By Deeli from Richland, WA
After raising three children, and retiring, I find myself the mother to an 8 year old. And I have learned to send this little lady to school, and to do it frugally. My daughter is very well dressed and has plenty of top notch supplies. And here are some of the ways I do it:
Yesterday my daughters school year ended and she cleaned out her desk, coming home with her backpack bulging. Time to prepare for next year. I unloaded it and separated things into piles, "reuse next year", "let her use this summer", and "trash." A lot of items the school requests in certain amounts, but the kids end up not using them.
The colors that were mismatched and broken, my daughter can use them this summer. Half used color books and workbooks were placed in the use this summer pile.
The plastic pencil box had color marks on it, but otherwise was in fine shape. A little hot water and a quick rub with a Magic Eraser made it as good as new; it can be reused next year.
My daughter not only had a rather large amount of glue sticks unused, but several that she had used maybe once. Several sticks were pretty well emptied and they went to the trash. A cotton ball saturated with rubbing alcohol took off the excess glue, and her name written on them with Magic Marker. I allowed them to dry, re-wrote her name, and placed them in baggies. This August I won't need to buy them, either.
The same with lead pencils, erasers, and her scissors. Smudges and dried glue wiped off with an alcohol soaked cotton ball. They won't need replacing, either.
My daughter prefers to take her lunch. Her insulated lunch bag was looking pretty rough, but I was amazed at how nice it ended up looking after a rubbing with Fels Naptha soap and a run in the washer. Her sandwich box and large mouth thermos received a good scrubbing, too. They all look new again.
The backpack is pretty ragged, but it will work to carry things with her on little trips this summer.
After all the reusable items were cleaned and packed in a box, it was time to check out the closet. A few months ago I cleaned out her closet and packed her winter clothing away. Now I need to pack some warm weather items. My daughter prefers "skorts" in the early fall and late spring, and since they have an elastic band, and were a bit long on her in the first place, she won't be growing out of them by August. I made sure they were all clean, stain free, had no rips or tears and packed them in a box. Also her nice pullover shirts that will still fit her when school restarts.
Her shoes she will probably outgrow so when she is not running barefooted through the grass this summer, she can wear them. Same with panties, socks, and any clothing that probably she will outgrow.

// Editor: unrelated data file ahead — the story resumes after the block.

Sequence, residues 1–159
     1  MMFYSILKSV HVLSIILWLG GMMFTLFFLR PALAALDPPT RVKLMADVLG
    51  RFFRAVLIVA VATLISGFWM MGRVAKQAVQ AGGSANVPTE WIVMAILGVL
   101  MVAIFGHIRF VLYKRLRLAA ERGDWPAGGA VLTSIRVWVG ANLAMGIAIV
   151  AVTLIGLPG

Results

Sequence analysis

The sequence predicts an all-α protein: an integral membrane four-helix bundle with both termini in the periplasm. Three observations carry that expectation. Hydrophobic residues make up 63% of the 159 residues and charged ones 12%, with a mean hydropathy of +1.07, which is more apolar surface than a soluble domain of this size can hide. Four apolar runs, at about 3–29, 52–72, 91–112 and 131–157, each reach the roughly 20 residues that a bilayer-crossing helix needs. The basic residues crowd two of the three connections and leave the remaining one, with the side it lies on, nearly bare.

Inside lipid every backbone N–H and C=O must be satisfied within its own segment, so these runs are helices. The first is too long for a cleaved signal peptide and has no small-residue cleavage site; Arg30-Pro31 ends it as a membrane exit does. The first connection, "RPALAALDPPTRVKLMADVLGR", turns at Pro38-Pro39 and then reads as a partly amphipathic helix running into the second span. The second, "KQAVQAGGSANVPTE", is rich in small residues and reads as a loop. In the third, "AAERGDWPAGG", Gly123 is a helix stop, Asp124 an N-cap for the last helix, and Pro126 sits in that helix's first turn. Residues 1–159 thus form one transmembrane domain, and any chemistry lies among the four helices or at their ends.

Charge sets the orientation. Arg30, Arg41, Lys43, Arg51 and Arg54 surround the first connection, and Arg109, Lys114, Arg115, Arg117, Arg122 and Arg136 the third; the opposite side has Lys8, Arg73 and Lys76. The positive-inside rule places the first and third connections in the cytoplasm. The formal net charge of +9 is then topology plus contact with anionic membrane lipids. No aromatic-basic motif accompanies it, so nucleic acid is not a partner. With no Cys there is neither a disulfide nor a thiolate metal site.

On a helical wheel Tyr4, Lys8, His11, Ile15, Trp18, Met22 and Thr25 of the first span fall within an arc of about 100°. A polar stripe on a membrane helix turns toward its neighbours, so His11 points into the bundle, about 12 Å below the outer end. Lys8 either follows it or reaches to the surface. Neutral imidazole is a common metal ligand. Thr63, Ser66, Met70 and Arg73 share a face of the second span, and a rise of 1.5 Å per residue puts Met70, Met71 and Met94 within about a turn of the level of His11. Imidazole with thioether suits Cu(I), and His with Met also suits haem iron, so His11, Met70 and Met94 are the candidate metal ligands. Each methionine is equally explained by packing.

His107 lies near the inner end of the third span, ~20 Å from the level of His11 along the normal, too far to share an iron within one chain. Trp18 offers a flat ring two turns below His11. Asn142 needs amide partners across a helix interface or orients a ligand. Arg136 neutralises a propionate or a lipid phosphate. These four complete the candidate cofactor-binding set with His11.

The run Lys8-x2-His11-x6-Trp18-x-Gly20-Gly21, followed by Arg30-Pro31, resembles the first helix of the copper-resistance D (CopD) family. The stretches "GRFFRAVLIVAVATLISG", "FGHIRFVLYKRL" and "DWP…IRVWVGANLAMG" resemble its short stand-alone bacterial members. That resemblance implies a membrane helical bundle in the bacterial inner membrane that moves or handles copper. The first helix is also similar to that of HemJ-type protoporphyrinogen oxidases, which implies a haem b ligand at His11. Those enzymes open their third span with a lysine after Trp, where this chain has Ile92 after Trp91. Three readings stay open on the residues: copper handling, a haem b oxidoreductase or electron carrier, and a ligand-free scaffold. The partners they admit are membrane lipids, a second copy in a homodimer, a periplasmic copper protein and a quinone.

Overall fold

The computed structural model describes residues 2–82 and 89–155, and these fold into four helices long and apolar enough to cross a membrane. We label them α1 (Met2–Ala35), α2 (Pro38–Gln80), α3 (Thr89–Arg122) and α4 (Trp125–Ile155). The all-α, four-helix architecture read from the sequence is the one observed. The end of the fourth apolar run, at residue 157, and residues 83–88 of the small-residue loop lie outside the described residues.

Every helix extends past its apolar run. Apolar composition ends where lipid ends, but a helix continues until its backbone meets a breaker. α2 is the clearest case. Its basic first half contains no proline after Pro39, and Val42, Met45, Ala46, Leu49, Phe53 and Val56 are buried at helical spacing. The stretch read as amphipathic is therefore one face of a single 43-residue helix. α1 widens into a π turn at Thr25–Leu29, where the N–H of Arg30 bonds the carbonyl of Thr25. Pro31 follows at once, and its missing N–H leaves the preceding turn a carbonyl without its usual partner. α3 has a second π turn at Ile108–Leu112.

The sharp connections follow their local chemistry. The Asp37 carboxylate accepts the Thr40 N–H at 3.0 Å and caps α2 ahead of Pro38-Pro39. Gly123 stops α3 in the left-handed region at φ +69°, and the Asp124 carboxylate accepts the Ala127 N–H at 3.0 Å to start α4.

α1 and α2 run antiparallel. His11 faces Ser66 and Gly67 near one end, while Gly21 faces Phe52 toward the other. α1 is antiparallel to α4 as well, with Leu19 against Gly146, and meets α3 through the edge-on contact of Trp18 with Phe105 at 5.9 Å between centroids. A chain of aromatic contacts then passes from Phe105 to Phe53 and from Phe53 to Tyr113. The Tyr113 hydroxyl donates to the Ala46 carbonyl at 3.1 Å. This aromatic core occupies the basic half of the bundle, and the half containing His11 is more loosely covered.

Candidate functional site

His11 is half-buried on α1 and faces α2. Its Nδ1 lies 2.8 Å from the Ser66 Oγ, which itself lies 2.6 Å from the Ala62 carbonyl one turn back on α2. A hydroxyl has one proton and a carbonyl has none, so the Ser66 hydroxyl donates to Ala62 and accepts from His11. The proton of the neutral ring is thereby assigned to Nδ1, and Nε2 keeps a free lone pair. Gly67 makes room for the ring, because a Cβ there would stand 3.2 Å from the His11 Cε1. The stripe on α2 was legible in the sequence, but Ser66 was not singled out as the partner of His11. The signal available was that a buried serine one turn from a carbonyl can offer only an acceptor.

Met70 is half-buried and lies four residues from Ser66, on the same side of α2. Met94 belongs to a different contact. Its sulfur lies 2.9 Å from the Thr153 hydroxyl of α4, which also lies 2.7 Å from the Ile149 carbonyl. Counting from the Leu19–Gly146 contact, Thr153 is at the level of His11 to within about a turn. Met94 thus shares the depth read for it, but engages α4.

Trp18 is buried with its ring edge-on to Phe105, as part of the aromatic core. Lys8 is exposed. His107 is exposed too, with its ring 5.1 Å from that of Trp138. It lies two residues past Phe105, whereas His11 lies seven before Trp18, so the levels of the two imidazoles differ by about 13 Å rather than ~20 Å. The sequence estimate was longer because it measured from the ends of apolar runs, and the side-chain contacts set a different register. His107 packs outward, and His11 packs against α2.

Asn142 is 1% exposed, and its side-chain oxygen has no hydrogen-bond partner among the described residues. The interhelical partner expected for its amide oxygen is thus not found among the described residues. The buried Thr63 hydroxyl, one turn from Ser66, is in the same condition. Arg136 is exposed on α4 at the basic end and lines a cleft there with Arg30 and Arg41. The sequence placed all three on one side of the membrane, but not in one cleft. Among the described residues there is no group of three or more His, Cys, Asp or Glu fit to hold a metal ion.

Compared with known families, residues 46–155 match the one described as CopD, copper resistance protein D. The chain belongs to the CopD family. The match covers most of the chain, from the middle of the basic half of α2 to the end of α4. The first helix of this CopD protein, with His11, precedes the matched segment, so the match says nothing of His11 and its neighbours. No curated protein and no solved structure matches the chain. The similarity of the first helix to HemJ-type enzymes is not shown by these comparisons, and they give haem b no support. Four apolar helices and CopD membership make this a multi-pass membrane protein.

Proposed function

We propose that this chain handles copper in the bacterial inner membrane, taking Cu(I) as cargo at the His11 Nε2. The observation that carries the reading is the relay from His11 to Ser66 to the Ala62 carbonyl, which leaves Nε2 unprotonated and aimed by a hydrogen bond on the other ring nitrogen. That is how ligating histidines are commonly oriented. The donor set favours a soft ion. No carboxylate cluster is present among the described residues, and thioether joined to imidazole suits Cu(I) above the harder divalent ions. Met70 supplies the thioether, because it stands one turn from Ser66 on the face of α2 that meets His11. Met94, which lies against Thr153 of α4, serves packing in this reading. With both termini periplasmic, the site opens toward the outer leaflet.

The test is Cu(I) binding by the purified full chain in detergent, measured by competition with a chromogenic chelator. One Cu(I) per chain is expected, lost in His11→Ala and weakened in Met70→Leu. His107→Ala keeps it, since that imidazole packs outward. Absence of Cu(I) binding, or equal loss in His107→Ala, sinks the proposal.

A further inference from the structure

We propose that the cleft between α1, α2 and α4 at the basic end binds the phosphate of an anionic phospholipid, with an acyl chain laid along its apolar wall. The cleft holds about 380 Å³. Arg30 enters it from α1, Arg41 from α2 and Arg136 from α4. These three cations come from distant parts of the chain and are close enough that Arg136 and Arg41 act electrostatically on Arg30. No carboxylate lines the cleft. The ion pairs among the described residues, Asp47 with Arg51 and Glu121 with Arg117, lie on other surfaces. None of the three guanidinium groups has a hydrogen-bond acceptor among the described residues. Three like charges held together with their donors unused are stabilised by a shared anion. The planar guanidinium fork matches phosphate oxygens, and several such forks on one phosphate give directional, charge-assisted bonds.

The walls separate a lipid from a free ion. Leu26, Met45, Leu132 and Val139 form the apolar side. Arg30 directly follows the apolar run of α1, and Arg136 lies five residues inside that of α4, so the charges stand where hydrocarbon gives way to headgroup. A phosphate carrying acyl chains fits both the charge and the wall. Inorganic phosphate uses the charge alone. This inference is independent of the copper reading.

During the summer I will go to yard sales looking for items she may need when school is ready to start again. I will keep a list in my car. (backpack, shoes, etc.) At a recent sale I picked her up a pair of name brand sneakers, probably only wore once. A trip through the washer, they look new. And they are one size bigger than she is wearing now, so they should be perfect size when school starts again.
When school begins and she heads to school in her neatly ironed outfits, I doubt if anyone will notice they were not purchased a week ago. Most likely they will notice how nice she looks. :-)
By Beverly from MO
When the kids come home on the last day of school, don't just put the backpacks in the closet. Go ahead and empty them out; tossing out the short pencils, used workbooks, etc. If there are usable art or other school supplies, put them in a safe place for next year. At my son's school, he had to purchase his own art class supplies and I reused the same paint colors and magic markers because of their light use. If you have a supply list for next year, put that in a safe place as well so you will have it when the back to school sales start.
Finally, inspect the backpacks. Can they be used again another year? I'm not sure where the practice of a new backpack every year started but if you start out with a sturdy one they can be used for many years. Toss it in the washer and give it a good cleaning. When dry, hang it back up and it will be ready and waiting for you at the end of summer.
By wendiesioux from Edwardsport, IN
Don't just shop where you normally do. It may be worth the gas to do your homework for additional savings. For example, many office supply stores have huge savings. Normally, there may be one kind of notebook, pencils, pads, and a few binders. This time of the year, they are stocked full of everything anyone could need. The key is don't get everything in one place. The Dollar Store has supplies. We know to take advantage of those first because they go fast.
You may find deals that beat $1.00 per item in the least likely places. I had to get a RX where usually every item is extremely over priced, right in front of my eyes were markers (name brand) at $.39, plus 5 for a $1.00 notebooks. I couldn't believe how affordable! I stopped to see if smaller note pads were a bargain, there was the catch. No, in fact they seemed higher then normally would have been. The savings are huge but most likely not all in one place. They have to make a profit, what better time of the year to do it. Most families need all these things so they advertise a couple at great savings then profit on the others.
Make a list and check before you leave the house. Compare online prices and you'll save money on everything instead of just a couple. Think ahead and stock up. You will need supplies throughout the year. I noticed online has wonderful deals with free shipping over $25.00. It may be worth your time to start there. No gas money is involved. You can do it without all the standing in line and hassle involved at the store. It will be delivered right to the door, checking so much off your list. Don't forget if it's free shipping, check for socks, underwear and T-shirts. With price of gas, I think its a win-win!